Making lectures available as podcasts might sound like a novel idea, but in reality, only the technology is new. Dr. Fath gives some historical perspective.
"We've been videotaping lectures here since 1991, and audiotaping them long before that. Students used to check out the tapes but making duplicates and keeping track of them was a big job." Students could only keep the tapes for a couple of hours, and near exam time, there was a long – and no doubt anxious – waiting list. With coursecasting, anyone with an MP3 player can download a lecture in minutes and keep it as long as they want.
"We knew we had the capability, because we've been streaming video of lectures since 1999. We still make tapes but only as a backup in case something goes wrong. No one uses the tapes for viewing anymore," he says.
Podcasting is audio only, so theoretically it's a matter of removing the video and making the audio available as a separate file. But is it really that simple?
Dr. Fath's office, which consists only of him and systems technician Medrick "Woody" Woods, provides all streaming and videoconference services, plus support for a variety of special projects across the Medical School and the UT Health Science Center. They simply could not handle much more work. That's where the magic of the podcasting "revolution" comes in, and why so many people are getting into the act.
"There's a lot of podcasting software out there, and some of it is even free," says Woods. "We paid about 35 bucks for ours, and it runs on the same classroom computer as the video encoding software. It only adds about 1 percent to the computer's workload."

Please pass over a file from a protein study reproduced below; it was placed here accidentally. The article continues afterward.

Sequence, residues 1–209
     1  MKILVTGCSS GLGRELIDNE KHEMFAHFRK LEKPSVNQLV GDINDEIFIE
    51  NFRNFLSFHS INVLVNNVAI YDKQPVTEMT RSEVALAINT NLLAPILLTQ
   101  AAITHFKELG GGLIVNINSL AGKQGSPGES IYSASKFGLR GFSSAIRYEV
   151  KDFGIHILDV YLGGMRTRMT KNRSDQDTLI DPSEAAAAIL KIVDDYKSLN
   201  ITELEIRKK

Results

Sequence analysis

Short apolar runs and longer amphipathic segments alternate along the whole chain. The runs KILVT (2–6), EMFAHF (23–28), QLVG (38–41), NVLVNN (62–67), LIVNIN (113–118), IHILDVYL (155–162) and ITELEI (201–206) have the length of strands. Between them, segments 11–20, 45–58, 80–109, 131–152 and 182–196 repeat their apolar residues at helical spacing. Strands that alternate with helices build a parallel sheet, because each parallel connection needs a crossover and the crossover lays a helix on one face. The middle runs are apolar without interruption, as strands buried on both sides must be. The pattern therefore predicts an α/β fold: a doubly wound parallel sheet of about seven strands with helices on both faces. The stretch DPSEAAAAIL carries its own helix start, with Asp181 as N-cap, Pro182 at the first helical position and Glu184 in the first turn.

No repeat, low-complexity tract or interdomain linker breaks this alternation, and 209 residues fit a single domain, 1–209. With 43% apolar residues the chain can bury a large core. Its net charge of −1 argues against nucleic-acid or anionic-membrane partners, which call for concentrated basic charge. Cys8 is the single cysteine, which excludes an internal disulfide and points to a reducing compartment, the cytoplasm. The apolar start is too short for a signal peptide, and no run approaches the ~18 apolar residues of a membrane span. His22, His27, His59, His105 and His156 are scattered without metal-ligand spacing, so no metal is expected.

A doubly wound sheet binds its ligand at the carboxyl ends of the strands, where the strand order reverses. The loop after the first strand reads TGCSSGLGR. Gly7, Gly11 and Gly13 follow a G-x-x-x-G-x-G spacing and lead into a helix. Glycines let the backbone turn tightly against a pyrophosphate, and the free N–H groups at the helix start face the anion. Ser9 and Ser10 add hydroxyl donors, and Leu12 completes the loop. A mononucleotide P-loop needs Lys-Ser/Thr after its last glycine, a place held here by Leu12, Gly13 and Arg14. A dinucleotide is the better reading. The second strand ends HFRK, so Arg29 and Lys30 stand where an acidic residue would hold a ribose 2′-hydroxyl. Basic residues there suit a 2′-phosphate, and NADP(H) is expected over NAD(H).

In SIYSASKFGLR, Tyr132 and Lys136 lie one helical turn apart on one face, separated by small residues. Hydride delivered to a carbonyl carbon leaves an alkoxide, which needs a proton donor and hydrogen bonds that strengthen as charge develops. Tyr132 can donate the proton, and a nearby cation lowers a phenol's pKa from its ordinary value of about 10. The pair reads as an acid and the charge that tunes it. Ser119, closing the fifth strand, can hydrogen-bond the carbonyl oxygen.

After the lecture, the audio is automatically compressed into the MP3 format, and with a few mouse clicks, it's uploaded to the server, ready for students to download to their iPods and listen at their convenience.
The coursecasting bandwagon shows no signs of losing steam, and articles on new applications appear every month in publications like the Chronicle of Higher Education. Duke University gained the national spotlight in 2004 when Apple iPods were given to every incoming freshman. With little in the way of course programming, it was widely derided as a gimmick, even by Duke's own students. But a recent report shows that the program, after some adjustments, is thriving.
Even lesser-known schools are taking the plunge, though on a smaller, more targeted, scale: the University of Montana bought 40 iPods for music students, and Drexel University in Philadelphia will distribute about 30 players to students in an education program. Like the UT Medical School, Purdue University used to make hundreds of lectures available on audio cassette, and coursecasting is seen as a natural, cost-saving evolution of the same service.
At the UT Medical School, coursecasting is just taking off, but in reality, it is simply another tool in the armamentarium of medical education. It appeals to the new generation of students, who tend to be time-stressed, accustomed to multi-tasking, and who take computers and the Internet for granted.
So, what's next? Are you ready for… videocasting? "Been there, doing that," says Dr. Fath. UT Interactive Video has got you covered. For more information, see www.uth.tmc.edu/schools/video.
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